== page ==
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The difference isn’t academic. Comey, as the director of the FBI when the dossier was used to obtain a search warrant in FISA court, is one of the people on this planet who should be most familiar with not only its contents but its genesis. He ought to be well aware that the opposition research funded by the Washington Free Beacon was wholly separate from the actual dossier.

In fact, at the time, Comey’s FBI was only willing to tell the FISA court that the document was compiled by Fusion GPS founder Glenn Simpson, who the agency identified as someone it “speculated” was “likely” digging up dirt to discredit Trump’s campaign. No mention was given of the fact the Democrats had commissioned the dossier and were paying for it, nor that Steele (who had, as the National Review’s Andrew McCarthy points out, “expressed contempt for Trump and a commitment to prevent his election”) was the one collecting the information.

Comey, as director of the FBI, admitted he knew at some point the Democrats were funding the research. That throws the FISA warrant application into question. The idea that he didn’t know that the dossier wasn’t associated with Singer or the Republicans, as he seemed to indicate in the interview with Stephanopoulos, is prima facie absurd.

Comey had to know, as one of the highest-ranking officials at the Department of Justice, that the warrant on Page would be one of the most highly-scrutinized warrant applications in the history of this republic.

Do you honestly believe Comey’s FBI went into it not knowing who was paying for the research in the Trump dossier in general and the Russian research in particular?

Given that his fate is inextricably intertwined with this warrant, do you think he may have Googled developments regarding it on his iPhone sometime in the interim between his firing and his interview with Stephanopoulos, particularly given that he just wrote a book on the matter?

Comey may have been fired by Trump, but not for being a bumbling dunce. Facts that are available to writers at Conservative Tribune were not necessarily kept from the head of the FBI. Comey knew what the FBI said in the FISA warrant was deliberately evasive. He knew what he said last night wasn’t the truth, and he likely knew it at a very early stage of the investigation.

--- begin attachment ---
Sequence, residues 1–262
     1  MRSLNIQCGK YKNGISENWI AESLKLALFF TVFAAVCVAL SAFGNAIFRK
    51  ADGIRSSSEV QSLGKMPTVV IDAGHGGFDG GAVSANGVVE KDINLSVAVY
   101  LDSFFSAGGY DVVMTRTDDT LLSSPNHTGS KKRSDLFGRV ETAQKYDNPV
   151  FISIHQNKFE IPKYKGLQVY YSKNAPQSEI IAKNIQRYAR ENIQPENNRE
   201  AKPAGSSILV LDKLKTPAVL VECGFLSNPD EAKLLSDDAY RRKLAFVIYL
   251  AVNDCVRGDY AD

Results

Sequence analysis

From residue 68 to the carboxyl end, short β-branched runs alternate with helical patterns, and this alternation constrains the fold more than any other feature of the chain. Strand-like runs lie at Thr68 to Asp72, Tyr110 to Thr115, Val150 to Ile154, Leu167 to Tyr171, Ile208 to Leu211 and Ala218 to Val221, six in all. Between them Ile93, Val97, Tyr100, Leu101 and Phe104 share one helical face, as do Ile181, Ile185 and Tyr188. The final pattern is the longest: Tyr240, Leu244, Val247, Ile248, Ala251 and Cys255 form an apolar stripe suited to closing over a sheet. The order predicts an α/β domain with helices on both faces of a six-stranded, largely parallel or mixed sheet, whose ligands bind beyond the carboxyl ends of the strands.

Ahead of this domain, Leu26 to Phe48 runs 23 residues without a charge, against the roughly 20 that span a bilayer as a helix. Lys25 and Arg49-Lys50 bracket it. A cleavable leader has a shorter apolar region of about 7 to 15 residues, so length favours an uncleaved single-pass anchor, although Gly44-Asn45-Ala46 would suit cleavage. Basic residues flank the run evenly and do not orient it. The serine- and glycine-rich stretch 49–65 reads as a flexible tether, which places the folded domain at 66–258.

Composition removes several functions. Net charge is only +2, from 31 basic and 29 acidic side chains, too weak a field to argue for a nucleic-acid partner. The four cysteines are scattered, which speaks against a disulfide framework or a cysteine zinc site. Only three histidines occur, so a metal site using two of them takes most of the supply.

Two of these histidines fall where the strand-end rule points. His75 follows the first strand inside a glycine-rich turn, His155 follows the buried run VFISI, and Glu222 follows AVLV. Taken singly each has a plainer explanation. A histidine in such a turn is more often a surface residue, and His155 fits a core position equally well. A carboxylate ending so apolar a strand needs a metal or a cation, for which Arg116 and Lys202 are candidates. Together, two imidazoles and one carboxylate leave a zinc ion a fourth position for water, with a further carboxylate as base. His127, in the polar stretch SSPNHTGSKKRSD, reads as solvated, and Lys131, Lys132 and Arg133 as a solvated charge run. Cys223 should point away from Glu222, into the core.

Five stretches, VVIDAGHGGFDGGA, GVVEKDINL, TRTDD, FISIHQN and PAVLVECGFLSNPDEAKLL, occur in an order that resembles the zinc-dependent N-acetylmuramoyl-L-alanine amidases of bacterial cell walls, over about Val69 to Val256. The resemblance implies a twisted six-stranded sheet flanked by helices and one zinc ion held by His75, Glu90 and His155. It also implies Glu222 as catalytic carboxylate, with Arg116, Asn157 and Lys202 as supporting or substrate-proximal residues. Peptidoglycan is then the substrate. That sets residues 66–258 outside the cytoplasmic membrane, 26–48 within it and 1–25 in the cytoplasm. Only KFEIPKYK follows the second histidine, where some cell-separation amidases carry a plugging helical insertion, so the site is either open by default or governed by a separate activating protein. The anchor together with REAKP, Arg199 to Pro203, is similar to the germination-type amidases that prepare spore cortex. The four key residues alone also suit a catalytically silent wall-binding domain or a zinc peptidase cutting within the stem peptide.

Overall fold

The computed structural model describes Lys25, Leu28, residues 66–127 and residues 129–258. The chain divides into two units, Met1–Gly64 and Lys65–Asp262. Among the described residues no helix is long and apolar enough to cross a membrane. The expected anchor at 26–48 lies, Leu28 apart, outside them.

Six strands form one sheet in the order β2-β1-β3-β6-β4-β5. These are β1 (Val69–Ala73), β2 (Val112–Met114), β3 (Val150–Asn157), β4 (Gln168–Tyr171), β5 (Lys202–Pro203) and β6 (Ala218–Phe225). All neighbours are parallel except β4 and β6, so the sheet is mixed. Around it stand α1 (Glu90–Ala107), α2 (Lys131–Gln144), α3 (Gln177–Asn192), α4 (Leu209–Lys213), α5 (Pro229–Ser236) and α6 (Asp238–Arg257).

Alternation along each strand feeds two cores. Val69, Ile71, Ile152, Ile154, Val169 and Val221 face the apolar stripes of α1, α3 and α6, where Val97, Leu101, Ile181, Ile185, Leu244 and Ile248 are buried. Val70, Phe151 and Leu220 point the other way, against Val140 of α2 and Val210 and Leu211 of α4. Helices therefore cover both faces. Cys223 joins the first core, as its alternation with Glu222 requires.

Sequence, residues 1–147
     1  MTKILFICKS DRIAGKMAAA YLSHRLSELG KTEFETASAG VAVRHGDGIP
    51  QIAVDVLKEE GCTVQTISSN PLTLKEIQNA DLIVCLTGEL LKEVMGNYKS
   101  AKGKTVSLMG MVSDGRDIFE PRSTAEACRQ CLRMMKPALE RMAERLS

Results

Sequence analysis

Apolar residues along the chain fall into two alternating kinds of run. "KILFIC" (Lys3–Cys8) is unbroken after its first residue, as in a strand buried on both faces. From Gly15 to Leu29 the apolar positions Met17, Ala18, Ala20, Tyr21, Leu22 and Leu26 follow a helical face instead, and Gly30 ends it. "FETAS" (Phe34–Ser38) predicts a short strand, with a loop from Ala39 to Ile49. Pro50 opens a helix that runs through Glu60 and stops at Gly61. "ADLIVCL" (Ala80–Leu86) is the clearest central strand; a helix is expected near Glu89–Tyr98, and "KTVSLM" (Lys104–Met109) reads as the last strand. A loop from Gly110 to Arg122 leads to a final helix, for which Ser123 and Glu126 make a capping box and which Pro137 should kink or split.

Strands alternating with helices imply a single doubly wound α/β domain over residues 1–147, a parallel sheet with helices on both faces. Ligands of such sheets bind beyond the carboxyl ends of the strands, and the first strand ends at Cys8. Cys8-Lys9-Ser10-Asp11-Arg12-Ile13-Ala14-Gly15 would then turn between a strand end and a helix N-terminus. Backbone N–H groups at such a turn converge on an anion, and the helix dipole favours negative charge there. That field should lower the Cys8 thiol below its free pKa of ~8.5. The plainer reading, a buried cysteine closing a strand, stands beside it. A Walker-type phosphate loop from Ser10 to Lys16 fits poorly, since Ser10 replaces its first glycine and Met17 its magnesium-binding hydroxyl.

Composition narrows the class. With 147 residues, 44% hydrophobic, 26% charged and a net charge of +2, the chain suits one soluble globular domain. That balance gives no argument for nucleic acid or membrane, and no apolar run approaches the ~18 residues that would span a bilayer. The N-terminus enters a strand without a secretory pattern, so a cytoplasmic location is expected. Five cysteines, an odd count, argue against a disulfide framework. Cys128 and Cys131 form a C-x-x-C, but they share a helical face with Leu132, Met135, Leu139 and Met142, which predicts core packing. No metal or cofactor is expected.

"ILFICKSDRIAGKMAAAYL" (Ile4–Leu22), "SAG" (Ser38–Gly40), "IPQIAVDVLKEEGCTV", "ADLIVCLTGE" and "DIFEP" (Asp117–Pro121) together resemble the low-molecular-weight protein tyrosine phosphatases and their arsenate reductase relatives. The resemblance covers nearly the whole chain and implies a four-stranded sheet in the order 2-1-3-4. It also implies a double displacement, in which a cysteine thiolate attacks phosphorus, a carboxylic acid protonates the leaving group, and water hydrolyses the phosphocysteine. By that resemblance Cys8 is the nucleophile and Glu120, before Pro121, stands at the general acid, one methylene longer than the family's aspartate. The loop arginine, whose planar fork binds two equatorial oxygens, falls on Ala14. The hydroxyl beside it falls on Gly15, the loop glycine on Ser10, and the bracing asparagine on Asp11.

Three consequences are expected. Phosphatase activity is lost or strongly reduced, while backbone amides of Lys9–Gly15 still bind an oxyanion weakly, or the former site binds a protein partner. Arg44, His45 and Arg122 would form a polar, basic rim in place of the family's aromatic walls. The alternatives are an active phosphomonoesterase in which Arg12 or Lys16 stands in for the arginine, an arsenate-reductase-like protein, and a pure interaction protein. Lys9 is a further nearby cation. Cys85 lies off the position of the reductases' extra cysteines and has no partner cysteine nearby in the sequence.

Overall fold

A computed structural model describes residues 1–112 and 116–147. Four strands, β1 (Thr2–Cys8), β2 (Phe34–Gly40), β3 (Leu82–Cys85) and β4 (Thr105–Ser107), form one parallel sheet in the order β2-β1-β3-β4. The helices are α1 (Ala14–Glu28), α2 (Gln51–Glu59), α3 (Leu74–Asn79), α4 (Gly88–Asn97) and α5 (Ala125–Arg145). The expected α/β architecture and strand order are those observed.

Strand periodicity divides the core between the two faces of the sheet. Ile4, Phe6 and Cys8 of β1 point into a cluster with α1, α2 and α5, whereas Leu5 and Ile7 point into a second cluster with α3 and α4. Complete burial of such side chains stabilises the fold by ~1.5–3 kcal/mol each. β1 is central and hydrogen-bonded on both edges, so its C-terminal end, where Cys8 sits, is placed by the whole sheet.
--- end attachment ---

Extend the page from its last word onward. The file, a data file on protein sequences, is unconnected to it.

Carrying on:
What Comey said last night about Americans standing up and going to the voting booth and vote their values doesn’t just work at the voting booth. Comey appeared last night to sell his own book, a tome written by a serial prevaricator who seems to tell as much of the truth as suits him or his agenda, which clearly isn’t an unbiased one.

Let this be a friendly reminder that you can vote with your dollars, at the bookstore or on your Kindle.

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C. Douglas Golden is a writer who splits his time between the United States and Southeast Asia. Specializing in political commentary and world affairs, he's written for Conservative Tribune and The Western Journal since 2014.
C. Douglas Golden is a writer who splits his time between the United States and Southeast Asia. Specializing in political commentary and world affairs, he's written for Conservative Tribune and The Western Journal since 2014. Aside from politics, he enjoys spending time with his wife, literature (especially British comic novels and modern Japanese lit), indie rock, coffee, Formula One and football (of both American and world varieties).
Morristown, New Jersey
Catholic University of America
Languages Spoken
English, Spanish
Topics of Expertise
American Politics, World Politics, Culture